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Ask The Coach — Missed Appointments

Published on July 7, 2014

Dear Coach:

I’m having a terrible problem with missed appointments and I’d like to “fire” everyone who doesn’t comply with our missed appointment policy. Except then I’d be left with no patients. Even though we impose severe penalties on anyone who misses an appointment, it doesn’t seem to matter. I’m looking for a recommendation that will really work! Got one? C.G.
C.G., I appreciate how frustrating it is to motivate people, whether those people happen to be your staff, your patients, or even your children. But learning how to effectively motivate people is the most rewarding endeavor anyone can undertake, not just because it works, but because it is always — and I mean always — the right thing to do. Since few dental CEOs have degrees in psychology, you’ll have to learn what the behaviorists have known for a long time — that every behavior has consequences. And if getting patients to do what you want them to do is not working, and then you must think about the behaviors you’ve been using and understand why they haven’t been effective.

Behavior depends largely on the consequences of past and present behavior. If the consequences are rewarding, the odds are great that the behavior will be repeated. To put it simply, you get more of the behavior you reward, which may seem paradoxical to you. You may think it makes more sense to punish people when they make “mistakes,” but, as behaviorists know, negative reinforcement is a highly ineffective strategy to use when attempting to change or modify behavior.

The goal of every fee-for-service practice is to develop and maintain relationships with quality patients and this only occurs through consistent, conscious, and caring efforts. Winning and keeping patients depends on rewarding each person for being your patient. The rewarded patient commits to consistent continuing care visits, accepts your treatment plan, agrees to your financial arrangements, reappoints for the next appointment, refers family and friends, values your practice’s philosophy, and, yes, keeps every appointment.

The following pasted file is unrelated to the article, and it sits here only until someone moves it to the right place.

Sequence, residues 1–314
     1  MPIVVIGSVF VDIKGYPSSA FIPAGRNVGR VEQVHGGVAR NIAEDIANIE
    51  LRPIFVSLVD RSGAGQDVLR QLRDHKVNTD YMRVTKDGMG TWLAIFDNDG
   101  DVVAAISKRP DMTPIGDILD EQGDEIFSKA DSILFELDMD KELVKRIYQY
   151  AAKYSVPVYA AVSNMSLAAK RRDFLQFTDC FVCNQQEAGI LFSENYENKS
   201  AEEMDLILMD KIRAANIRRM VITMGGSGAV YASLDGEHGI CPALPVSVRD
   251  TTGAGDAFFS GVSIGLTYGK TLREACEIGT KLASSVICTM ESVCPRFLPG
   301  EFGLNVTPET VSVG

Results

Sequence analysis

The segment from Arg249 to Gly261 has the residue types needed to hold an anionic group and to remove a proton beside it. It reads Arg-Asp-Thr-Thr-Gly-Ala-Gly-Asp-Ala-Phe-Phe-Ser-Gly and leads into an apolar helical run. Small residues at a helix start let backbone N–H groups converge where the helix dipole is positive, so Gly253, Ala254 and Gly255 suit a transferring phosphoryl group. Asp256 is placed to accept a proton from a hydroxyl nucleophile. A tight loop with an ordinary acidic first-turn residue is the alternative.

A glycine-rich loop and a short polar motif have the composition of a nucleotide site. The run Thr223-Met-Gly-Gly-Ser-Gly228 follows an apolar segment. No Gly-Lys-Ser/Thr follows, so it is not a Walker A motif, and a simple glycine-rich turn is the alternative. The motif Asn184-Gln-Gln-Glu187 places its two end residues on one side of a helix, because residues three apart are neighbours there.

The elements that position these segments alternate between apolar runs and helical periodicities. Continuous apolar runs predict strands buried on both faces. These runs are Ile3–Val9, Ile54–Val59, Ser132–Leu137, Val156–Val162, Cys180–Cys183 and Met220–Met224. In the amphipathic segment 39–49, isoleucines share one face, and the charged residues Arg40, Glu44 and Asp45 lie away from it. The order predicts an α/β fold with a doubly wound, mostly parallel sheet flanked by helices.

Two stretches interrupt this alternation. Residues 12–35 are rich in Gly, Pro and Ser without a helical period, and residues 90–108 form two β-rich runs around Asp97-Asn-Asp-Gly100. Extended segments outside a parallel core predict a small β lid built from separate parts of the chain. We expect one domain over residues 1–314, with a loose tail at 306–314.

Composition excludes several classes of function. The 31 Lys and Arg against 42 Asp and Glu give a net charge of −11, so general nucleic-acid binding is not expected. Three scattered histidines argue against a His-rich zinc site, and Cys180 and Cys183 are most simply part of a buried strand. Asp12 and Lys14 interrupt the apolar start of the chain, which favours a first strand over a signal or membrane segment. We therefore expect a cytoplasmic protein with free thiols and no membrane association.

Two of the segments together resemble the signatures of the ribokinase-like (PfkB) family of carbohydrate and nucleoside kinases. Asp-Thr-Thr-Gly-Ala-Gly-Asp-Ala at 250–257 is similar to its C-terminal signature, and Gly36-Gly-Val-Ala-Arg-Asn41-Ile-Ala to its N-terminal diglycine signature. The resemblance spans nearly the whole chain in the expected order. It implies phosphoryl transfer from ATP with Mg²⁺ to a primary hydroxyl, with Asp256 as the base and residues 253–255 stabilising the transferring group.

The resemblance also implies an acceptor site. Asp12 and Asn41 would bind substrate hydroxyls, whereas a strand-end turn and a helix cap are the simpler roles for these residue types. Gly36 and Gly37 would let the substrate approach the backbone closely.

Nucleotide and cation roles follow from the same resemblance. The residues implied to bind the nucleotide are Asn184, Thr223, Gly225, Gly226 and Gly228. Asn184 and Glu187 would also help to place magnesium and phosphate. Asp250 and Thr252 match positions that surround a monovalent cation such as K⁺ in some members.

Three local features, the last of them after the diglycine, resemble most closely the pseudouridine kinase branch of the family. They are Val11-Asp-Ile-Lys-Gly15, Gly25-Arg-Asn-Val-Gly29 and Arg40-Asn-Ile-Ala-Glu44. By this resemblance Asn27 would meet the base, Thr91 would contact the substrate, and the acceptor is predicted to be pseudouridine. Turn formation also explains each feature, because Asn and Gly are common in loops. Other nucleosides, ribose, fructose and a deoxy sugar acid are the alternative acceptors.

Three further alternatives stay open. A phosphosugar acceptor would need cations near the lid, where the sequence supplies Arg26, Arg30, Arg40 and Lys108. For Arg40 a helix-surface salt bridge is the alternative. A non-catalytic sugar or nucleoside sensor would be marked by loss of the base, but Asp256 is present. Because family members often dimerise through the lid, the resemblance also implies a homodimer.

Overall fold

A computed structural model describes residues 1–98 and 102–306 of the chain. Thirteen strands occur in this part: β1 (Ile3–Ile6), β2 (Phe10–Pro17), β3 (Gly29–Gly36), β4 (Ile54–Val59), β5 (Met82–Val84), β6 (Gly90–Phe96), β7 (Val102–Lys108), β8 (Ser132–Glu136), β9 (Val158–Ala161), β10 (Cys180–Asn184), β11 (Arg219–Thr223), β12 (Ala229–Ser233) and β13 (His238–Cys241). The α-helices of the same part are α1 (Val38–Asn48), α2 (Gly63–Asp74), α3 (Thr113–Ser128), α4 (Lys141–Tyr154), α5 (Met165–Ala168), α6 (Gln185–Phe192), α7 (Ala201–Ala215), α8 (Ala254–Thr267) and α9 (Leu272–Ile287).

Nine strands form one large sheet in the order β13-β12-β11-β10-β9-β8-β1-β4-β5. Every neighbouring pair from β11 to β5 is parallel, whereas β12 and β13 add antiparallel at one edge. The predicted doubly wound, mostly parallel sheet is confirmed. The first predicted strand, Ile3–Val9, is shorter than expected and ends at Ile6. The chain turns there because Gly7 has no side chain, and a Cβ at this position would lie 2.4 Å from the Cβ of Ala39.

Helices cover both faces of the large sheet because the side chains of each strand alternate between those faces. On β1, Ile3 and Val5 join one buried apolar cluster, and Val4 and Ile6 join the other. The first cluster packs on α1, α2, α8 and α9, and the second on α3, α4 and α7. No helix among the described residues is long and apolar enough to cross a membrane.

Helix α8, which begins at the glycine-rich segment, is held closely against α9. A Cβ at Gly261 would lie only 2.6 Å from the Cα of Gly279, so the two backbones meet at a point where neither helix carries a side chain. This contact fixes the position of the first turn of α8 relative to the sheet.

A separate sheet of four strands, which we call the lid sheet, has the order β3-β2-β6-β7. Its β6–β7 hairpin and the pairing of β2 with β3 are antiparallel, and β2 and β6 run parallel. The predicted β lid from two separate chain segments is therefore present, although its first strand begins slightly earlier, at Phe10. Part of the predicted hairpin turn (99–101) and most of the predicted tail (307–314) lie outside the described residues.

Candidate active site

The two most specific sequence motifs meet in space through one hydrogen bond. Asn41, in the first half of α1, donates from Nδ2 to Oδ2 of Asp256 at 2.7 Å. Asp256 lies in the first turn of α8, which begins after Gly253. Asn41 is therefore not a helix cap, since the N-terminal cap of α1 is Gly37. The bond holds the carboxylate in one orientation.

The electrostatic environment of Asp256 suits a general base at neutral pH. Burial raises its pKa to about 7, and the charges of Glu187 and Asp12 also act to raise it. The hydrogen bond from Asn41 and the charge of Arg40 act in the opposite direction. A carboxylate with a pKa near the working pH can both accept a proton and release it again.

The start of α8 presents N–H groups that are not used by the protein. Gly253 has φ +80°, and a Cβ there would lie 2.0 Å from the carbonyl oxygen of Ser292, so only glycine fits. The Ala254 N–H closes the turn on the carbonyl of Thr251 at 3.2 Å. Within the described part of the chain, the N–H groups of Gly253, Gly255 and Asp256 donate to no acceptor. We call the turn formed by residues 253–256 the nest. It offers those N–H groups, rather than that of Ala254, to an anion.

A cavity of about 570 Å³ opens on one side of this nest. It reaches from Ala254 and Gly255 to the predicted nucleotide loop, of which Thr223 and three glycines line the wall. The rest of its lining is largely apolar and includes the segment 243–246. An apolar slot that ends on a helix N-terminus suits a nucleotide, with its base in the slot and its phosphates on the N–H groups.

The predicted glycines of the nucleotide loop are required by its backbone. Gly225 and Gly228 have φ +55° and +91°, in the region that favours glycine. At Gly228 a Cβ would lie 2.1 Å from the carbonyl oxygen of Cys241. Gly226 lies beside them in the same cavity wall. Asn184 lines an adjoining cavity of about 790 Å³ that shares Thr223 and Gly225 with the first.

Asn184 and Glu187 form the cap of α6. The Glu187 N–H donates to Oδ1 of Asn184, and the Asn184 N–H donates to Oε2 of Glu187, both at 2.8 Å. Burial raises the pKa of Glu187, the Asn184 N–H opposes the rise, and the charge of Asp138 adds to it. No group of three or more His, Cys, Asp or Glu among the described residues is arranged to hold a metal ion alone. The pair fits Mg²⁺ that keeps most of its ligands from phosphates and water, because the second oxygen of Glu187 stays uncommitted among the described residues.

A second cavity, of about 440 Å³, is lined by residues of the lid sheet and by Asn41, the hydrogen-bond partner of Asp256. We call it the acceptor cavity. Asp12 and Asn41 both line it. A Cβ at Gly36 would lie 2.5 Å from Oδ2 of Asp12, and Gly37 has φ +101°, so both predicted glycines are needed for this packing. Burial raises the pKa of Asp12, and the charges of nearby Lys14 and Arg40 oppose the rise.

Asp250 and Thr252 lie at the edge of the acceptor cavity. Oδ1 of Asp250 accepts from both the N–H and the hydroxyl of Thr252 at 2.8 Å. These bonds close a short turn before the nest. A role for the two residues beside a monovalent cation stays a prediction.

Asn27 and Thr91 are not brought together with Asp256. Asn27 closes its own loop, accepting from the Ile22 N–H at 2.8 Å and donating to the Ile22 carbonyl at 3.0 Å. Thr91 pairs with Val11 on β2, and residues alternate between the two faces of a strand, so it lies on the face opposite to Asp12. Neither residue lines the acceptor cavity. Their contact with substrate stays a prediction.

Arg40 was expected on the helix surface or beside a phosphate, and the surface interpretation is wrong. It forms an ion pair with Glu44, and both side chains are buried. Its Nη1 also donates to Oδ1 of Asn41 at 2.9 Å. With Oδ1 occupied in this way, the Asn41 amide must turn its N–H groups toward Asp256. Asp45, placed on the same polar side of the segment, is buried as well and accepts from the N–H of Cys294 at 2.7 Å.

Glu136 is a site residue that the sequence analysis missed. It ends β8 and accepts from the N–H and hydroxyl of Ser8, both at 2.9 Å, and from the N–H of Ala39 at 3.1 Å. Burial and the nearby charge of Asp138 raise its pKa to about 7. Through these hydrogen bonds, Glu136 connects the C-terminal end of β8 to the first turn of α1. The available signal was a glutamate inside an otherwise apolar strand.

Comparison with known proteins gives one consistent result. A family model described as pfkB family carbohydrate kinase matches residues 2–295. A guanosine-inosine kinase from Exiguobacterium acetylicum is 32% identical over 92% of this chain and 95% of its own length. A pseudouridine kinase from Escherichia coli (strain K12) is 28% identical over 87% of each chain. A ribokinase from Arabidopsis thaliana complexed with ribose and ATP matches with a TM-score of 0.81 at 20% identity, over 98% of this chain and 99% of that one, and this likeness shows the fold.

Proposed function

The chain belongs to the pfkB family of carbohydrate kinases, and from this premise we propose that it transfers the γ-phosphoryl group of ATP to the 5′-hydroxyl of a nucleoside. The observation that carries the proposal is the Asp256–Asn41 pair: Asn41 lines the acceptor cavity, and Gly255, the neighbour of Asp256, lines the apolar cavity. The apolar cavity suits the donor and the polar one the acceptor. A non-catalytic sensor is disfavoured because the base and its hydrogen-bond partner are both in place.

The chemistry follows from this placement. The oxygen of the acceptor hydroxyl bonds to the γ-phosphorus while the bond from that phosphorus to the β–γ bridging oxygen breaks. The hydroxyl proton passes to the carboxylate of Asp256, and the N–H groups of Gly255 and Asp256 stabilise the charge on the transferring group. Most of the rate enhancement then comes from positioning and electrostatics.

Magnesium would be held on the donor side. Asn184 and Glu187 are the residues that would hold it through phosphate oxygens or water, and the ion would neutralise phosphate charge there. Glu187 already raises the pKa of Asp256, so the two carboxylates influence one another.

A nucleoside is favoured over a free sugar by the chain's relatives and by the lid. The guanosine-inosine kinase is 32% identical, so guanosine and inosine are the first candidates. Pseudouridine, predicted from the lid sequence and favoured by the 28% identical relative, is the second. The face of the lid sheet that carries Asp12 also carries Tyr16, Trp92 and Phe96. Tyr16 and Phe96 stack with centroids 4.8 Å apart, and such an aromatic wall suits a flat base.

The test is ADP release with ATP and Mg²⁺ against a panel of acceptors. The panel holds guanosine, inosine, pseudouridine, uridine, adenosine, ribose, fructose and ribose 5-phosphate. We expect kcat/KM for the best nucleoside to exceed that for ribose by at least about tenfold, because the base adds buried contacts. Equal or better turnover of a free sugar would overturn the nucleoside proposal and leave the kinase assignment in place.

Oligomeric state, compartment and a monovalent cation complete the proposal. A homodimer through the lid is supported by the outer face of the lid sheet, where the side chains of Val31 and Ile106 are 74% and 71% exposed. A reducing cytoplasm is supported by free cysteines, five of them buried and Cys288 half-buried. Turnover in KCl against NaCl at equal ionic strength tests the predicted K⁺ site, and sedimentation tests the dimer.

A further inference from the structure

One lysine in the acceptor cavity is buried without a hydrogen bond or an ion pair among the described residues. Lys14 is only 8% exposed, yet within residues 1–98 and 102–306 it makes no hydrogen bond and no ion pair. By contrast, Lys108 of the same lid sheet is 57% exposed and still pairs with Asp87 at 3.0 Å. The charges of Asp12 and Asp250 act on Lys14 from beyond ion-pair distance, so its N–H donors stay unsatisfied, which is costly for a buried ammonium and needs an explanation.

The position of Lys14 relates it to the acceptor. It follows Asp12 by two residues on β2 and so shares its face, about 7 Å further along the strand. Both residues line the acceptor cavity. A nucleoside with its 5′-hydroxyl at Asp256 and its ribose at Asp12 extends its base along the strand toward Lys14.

Remember that Newton’s Third Law of Motion says for every action, there is an equal and opposite reaction. It’s hard to turn an uneducated patient into a raving fan if all the education you provide is catching him in the act of misbehaving and imposing punishment at every point of contact. Behaviorists will tell you that the more attention you pay to a behavior, the more it will be repeated. Which means that all the energy you and your staff are putting into punishing your uneducated patients is reinforcing the behavior, not extinguishing it!

Notice that I said “uneducated” patients? I firmly believe that most people will do the right thing, unless, of course, we’re talking about that rare creature with bad values. There is nothing you can do to motivate a person with bad values; the best thing to do is recognize it and end the relationship quickly. But, for the rest of those who keep stepping on toes, I believe the truth of the matter is that you haven’t invested the necessary time to develop a clear policy on missed appointments, communicate the policy consistently to every patient, and reward every patient for following the policy.

Have you ever noticed when you’re life isn’t working, who is it who is always around? I believe that, as much as you would like to believe it’s the patient who is at fault, I believe the opposite — it is you who are responsible for the unclear policies, ineffective communication, and lack of respect for the patient. It is you who must accept the responsibility for the situation.

So where do you begin? We’ll talk about that next time.

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